While some would rank “best affiliate marketing companies” monthly (often bundling up affiliate program management (or OPM) agencies together with affiliate networks and other vendors in the space), it is the yearly rankings that are most honorable, in my opinion.
There are several of these around — from network specific to industry-wide ones. Among the latter ones in the U.S. are Affiliate Summit’s Pinnacle Awards and ABestWeb’s “The Best Of” Awards.
Myself (and my company, AM Navigator) had the honor of making the list of finalists for Affiliate Summit’s awards (including the 2013 inclusion in the “Affiliate Manager of the Year” category), but it’s been some time since AM Navigator was last nominated for “The OPM of the Year” award at ABestWeb.com. After holding the award for three years in a row (2006, 2007, and 2008) I was thrilled to see us nominated again for 2013.
The voting closed yesterday, and I am happy to see that we, actually, came as #2 (gathering near 30% of all votes):
Thanks to Kush of VM Innovations (who himself holds an Affiliate Manager of the Year 2014 Pinnacle Award from Affiliate Summit) for his nomination, and big thanks to everyone who voted for me, my work, and my business here.
Congratulations also to Greg Hoffman for winning this one, and to all the other nominees. It is a truly amazing line-up of agencies and individuals. I am proud to personally know every one of them.
I’ve been in marketing for so long that very few people remember (or even know) that, first and foremost, I’m a linguist and a translator. Having spent over 7 years of my life training for, and working in this area, I am particularly sensitive to translation and localization mistakes. And while many of them can be justified by complexities of grammar, the banner that I’ve spotted today was plain hopeless.
Checking my Yahoo mail earlier this morning I was staggered by what I saw in the sidebar. A banner which was clearly localized (the concept was likely American, the original ad copy was in English, but since I was accessing Yahoo from Russia, I was served a “Russian” version of it) contained 7 mistakes in 7 words:
What is even worse, all of the above are mistakes made by elementary school children.
When you need a surgery, you go to a medical doctor, not to a plumber whose mother is a nurse and he knows a medical thing here and there (and may even have similar tools). Why, then, when it comes to marketing, would you even think of hiring anyone but a professional? When you are marketing, you are putting your brand (your most valuable asset!) on the frontline. Do you really want to have it associated with low quality?
The above example has once again reminded me of Aldo Gucci’s “the bitterness of poor quality is remembered long after the sweetness of low price has faded from memory.”
Entrust your marketing to experts! Unless, of course, you want your brand to be associated with dilettantism.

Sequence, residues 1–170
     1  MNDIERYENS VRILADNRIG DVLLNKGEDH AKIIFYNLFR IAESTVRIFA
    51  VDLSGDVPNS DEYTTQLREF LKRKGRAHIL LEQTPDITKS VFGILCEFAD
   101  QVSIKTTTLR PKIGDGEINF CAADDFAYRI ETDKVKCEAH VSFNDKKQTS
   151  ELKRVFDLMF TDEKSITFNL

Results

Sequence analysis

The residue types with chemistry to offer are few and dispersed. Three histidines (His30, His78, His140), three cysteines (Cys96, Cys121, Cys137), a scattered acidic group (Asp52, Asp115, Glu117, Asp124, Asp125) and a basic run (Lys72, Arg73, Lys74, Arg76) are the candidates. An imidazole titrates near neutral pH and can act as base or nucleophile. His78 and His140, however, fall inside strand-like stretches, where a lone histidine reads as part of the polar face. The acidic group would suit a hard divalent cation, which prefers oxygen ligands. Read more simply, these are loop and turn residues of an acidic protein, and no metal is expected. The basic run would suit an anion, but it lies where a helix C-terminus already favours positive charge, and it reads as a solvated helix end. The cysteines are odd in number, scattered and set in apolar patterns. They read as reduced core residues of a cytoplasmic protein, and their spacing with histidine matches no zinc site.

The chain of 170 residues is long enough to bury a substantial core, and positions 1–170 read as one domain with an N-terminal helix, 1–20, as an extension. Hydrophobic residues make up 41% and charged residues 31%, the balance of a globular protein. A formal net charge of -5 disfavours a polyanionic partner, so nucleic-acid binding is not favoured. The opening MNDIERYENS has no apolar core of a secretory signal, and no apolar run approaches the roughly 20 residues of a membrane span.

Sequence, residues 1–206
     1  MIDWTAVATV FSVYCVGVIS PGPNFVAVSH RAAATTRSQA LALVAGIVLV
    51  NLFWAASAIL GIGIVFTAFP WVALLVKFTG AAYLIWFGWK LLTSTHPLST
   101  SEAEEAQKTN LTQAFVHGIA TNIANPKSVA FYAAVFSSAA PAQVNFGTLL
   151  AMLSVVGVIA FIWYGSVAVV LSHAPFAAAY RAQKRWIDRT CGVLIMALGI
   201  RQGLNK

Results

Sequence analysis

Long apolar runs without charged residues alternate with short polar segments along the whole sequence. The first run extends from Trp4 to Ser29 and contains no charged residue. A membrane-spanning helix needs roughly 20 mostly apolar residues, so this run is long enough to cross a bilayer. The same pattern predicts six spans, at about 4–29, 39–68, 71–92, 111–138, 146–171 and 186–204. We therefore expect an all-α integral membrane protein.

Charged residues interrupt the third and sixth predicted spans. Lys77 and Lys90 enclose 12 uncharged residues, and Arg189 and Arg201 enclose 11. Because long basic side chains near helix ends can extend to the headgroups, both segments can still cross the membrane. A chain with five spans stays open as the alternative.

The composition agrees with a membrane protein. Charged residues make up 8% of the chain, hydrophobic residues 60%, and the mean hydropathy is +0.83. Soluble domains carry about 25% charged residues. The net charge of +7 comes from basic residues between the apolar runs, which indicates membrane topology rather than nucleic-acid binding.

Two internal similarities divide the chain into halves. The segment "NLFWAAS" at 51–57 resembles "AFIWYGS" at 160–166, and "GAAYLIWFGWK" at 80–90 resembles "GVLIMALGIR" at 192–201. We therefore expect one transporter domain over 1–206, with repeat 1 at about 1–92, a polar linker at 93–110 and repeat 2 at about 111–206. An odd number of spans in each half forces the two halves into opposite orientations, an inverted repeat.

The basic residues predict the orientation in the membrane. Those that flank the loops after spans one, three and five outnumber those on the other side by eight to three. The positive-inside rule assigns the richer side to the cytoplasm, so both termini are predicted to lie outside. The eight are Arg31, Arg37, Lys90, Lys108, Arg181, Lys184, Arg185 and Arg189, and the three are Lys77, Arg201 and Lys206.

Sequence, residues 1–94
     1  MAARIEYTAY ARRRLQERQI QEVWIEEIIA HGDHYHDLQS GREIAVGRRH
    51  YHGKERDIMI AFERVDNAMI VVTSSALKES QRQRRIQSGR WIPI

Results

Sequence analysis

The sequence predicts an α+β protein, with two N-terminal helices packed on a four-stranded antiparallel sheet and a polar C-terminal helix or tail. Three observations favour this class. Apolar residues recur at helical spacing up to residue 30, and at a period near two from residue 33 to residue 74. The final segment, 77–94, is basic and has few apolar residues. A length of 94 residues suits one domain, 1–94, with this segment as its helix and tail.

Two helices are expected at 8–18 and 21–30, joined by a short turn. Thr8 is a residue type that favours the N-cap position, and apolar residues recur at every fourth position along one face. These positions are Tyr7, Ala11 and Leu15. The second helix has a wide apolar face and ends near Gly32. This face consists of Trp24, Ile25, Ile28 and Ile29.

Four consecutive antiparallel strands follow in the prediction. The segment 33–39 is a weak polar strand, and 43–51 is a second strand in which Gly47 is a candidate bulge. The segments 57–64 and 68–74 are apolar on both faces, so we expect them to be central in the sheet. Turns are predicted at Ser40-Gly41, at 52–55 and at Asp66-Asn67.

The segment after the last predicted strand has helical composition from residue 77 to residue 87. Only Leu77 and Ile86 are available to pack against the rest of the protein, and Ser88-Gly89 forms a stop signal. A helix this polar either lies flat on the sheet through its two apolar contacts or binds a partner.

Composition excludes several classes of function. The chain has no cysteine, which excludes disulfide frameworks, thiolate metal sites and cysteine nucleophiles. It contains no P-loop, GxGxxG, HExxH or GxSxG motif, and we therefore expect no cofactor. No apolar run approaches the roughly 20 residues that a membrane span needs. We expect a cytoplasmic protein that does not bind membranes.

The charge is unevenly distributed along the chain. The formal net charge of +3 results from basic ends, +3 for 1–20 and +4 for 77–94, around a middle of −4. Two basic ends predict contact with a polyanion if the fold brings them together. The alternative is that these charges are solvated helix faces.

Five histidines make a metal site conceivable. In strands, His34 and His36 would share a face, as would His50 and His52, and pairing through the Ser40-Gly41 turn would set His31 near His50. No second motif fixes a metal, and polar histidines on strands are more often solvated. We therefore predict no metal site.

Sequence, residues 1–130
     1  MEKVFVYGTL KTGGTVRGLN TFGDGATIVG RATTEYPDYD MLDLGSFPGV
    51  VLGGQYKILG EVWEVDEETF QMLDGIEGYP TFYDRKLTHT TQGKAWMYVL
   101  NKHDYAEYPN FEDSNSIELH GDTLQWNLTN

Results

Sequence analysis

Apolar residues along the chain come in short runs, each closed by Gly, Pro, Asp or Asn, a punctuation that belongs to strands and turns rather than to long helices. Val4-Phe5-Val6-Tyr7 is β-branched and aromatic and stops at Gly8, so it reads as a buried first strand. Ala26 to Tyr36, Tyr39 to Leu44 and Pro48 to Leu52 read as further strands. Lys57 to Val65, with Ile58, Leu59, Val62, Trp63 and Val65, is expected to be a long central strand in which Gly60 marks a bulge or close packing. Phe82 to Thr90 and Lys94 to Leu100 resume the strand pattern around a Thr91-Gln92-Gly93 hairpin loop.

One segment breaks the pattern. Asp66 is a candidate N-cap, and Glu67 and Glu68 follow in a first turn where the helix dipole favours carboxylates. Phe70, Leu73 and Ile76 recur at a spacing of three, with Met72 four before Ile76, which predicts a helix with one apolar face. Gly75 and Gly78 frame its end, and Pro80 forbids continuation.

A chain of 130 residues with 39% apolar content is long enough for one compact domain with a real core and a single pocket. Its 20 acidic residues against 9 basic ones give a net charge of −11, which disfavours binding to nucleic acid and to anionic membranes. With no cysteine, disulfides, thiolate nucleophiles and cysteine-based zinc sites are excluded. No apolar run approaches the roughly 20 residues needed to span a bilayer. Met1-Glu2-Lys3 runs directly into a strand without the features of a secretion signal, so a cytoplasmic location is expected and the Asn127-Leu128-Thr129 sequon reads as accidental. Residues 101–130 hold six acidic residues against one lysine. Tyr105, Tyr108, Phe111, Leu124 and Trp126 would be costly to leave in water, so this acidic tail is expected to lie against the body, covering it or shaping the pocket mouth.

A recent study by EyeTrackShop (ETS) has revealed that due to the way Facebook users view it (see ETS’ heatmap below), “Facebook’s page post ad visually outperforms its standard ad.” The ads that imitate posts on your timeline yield “200% higher visibility” than the right sidebar ads [more here].
However, regardless of the types of ads that you use (Facebook, Twitter, paid search campaigns, etc), before wasting your advertising dollars, tweak your settings to display your ad only to your target audience. For example, if you run a taxi service which covers Washington, DC and vicinities, no need to bid on taxi-related keywords/key-phrases nationally. Serve your ads only to Internet users in DC, Northern Virginia, and Southern Maryland.
Here is a Facebook “page post ad” that I couldn’t help but spot on my timeline yesterday night:
While, there are other things that could be improved here, the main one that jumps at me is that they are located in (and servicing!) Southern California. Malibu is 2,700 miles away from me. No matter how well they do their job, there is absolutely no sane way that they can wash my windows. Why waste the money on serving this ad to me?
A really amazing optical illusion has been making the rounds on Facebook, Twitter, and other social media platforms lately. And, I must admit, I couldn’t help but participate in spreading it too. Here it is [Instructions: look at the red dot on the lady’s nose for 30 seconds, then turn your eyes on a plain surface (white ceiling or clean sheet of paper) and blink as fast as you can]:
If you do it right, you’ll see this picture of Deepika Padukone, a famous Bollywood actress. Regardless of that “HM” in the bottom right-hand corner, I couldn’t confirm that the spread of this viral optical illusion “campaign” was initiated by H&M. In fact, it appears that this particular illusion is based on a photo taken from Padukone’s endorsement photoshoot of Sony Cyber-shot cameras (which you can see her holding in her hand).
Whatever it was, this brings up a very interesting idea for creating viral marketing campaigns based on optical illusion. And it is also very easy to create these negatives! For example, as shown below, to do it in Photoshop you go to Image > Adjustments > Invert (or simply hit Ctrl+I). Just remember that the colors of the original “focus dots” will change too.
If you have Windows 7, the Magnifier tool will do this for you too [see “how to” instructions here].
Are you using optical illusions for viral marketing yet? I say, it is worth a try. Coupled with smart Social Media marketing, it can bear really good fruit. Just remember to also look beyond the fun, setting measurable goals (yes, “likes” and “ReTweets” but, ultimately, leads, subscriptions, and conversions), diligently tracking them.